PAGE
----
Career construction and the art of airplane design
Bringing a spiritual perspective to daily life
"One of the most important contributions that any artist can make," writes Caroll Michels in "How to Survive & Prosper as an Artist. Selling Yourself without Selling your Soul," "is to restructure and take control of his or her own career."
After working overtime in the arts for many years, I found that dedication to my craft wasn't always enough to ensure happiness, security, and success. Producing work that makes a big contribution? I've learned that more than dedication is needed to do that, too.
Long before I read Ms. Michels's book, I decided to do basically what she says - "restructure and take control" of my career. And I decided to do it in what you might call a spiritual way. I figured that I would place my career on a rock-solid foundation by putting it in God's hands.
To me, there's no safer or more practical place to put it - in God's infinite reach of love and intelligence.
I'm learning that what the Bible says about house construction is also true of career construction: "Except the Lord build the house, they labour in vain that build it" (Ps. 127:1).
To me, the Lord is the deep, invisible, never-will-change Principle of the whole universe, the very ground of being. And I'm discovering that I can rely on this Father-Mother, steady-as-a-rock, good Principle to maintain and promote my promise, progress, and possibilities. How? By blending with this Principle - mentally - prayerfully.
I think of it this way: It's a lot like flying. Airplanes are designed to move in harmony with the principles of flight. That's the whole point of planes. Safety, peace, power, and freedom are natural results of good aircraft design. Good things happen when planes blend with the laws of aeronautics.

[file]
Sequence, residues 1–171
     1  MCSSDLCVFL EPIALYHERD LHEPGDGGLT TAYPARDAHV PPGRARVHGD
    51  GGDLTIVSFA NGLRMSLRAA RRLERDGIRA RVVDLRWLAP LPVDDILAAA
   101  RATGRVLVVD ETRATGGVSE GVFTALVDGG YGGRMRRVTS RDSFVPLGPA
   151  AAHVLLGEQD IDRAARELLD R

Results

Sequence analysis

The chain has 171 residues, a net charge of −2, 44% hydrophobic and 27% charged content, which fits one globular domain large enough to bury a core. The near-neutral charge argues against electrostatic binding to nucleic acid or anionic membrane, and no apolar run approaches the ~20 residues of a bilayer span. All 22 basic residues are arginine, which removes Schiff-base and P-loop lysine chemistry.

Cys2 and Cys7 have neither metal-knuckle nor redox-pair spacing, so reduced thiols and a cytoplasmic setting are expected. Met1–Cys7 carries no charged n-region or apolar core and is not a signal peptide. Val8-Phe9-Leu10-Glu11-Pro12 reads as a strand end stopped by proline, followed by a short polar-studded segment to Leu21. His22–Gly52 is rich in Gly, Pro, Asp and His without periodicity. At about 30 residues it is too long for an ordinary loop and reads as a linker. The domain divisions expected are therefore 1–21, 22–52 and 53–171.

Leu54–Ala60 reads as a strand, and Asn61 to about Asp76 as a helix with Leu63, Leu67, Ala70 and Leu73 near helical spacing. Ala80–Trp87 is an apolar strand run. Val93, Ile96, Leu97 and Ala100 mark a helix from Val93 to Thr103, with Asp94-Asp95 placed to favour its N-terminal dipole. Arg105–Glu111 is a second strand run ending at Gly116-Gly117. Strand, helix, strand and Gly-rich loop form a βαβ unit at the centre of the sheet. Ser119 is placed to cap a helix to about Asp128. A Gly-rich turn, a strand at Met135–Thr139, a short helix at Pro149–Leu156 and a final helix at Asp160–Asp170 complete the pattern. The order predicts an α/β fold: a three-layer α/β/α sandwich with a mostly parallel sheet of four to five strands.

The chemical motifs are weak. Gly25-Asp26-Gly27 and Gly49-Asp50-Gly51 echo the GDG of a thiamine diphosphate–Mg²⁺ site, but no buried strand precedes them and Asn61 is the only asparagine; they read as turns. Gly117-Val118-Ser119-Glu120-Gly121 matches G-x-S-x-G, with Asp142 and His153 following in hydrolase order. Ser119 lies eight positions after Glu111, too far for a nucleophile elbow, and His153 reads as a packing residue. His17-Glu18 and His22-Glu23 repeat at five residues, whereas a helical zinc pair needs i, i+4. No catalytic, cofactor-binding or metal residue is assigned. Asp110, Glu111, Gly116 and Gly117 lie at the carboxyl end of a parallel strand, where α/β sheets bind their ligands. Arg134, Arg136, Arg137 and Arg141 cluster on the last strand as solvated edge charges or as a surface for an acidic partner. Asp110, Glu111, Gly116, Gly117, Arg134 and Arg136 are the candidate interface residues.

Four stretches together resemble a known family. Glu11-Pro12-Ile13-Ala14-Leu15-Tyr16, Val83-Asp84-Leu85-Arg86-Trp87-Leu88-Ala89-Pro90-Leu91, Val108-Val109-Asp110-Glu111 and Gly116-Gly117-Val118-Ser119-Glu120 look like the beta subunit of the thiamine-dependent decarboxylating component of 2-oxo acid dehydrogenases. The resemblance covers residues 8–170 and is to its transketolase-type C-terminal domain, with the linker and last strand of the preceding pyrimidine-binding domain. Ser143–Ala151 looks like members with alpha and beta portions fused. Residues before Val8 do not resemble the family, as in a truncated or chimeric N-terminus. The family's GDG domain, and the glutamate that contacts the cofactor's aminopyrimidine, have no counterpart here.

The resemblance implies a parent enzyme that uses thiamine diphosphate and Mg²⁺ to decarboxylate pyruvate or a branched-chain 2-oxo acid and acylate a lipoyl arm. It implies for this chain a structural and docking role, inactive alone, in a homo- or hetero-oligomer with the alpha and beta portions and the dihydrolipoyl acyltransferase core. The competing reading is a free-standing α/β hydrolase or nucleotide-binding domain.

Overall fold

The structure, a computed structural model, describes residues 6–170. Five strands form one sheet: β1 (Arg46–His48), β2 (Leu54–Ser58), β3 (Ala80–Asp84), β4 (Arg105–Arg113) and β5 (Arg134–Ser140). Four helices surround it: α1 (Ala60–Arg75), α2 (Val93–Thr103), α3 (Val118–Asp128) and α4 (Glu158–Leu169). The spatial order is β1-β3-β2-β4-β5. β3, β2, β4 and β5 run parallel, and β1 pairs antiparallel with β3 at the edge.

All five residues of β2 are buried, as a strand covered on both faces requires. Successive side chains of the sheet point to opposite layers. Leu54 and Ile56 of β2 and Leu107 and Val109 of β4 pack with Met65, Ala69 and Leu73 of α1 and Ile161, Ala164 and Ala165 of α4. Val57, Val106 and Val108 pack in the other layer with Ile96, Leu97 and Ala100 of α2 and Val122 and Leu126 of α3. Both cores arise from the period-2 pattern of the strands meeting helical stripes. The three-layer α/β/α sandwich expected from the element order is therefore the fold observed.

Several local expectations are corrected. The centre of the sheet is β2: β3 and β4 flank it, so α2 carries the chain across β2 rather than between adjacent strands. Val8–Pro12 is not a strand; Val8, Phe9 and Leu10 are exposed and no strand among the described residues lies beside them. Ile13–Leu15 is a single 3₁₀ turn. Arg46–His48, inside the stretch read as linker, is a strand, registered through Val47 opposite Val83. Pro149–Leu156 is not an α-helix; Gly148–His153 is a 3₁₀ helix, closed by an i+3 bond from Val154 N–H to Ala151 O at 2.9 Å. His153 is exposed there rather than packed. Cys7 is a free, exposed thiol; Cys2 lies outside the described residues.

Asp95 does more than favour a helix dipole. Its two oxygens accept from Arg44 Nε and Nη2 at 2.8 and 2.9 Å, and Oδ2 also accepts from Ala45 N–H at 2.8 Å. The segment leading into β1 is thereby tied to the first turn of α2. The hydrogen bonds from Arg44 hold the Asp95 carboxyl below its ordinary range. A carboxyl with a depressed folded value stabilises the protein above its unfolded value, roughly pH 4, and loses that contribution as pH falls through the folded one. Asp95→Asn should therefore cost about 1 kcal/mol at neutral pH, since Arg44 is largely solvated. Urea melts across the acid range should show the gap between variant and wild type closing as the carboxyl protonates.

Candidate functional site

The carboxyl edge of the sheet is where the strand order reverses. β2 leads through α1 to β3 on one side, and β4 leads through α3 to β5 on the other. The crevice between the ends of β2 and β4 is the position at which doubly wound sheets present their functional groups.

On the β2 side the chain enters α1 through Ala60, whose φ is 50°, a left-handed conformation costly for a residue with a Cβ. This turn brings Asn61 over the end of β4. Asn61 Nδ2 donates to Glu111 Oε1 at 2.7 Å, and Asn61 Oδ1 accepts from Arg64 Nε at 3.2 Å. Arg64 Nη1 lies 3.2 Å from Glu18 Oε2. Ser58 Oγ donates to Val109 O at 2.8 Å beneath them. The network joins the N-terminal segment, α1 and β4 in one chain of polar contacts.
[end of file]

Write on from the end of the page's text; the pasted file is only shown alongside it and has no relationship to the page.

Likewise, as I see it, you and I are designed to move in harmony with the divine Principle called Life. (Life is another way I think of the Supreme Being.) Safety, peace, power, sky-high freedom, dominion, kindness, and well-being are natural results of God's design. Good things happen when you and I blend, in thought and action, with the spiritual laws of Life.
That has surely been true for me. I've faced lots of worries and fears in my career, minor and major. I've had top-of-the mountain highs and deep-in-the-valley lows. But I've been able to keep going by turning moment by moment in silent prayer to God for rescue and comfort and support - and receiving it. In practical ways. Including new inspiration, opportunities, and unexpected sources of income and supply. And serenity, which comes from faith that God has a special successful plan for me and everyone else.
At one point I was commissionless. But I wasn't interested in just any job. I had my heart set on one that would allow me the creative freedom to express my full potential. So I decided to wait until just such a legitimate opportunity presented itself. Fortunately, I had income from a fine day job (teaching). I threw myself into that work and continuously prayed along these lines: "God, I know that you don't supply ability without supplying opportunity for its full expression. And I know that there's never a moment when I'm not totally bathed in your love and intelligent design. Thank you for ongoing tangible evidence of this in my everyday life."
A statement by the founder of the Monitor, Mary Baker Eddy, also kept me going. "... God is our helper," she wrote. "He pities us. He has mercy upon us, and guides every event of our careers" ("Unity of Good," pgs. 3-4).
One day a friend asked for some assistance with a small project. One thing led rather unexpectedly to another. The project grew to become a full-fledged artistic experiment of the unfettered kind and received international recognition. Other doors opened because of it.
I figure my career will always be under construction. But whatever stage it's in, I trust that God is doing the planning, designing, and building, and I remember that the purpose of art and business is to glorify and express God's goodness and wonder. This keeps me flying.
(c) Copyright 2001. The Christian Science Monitor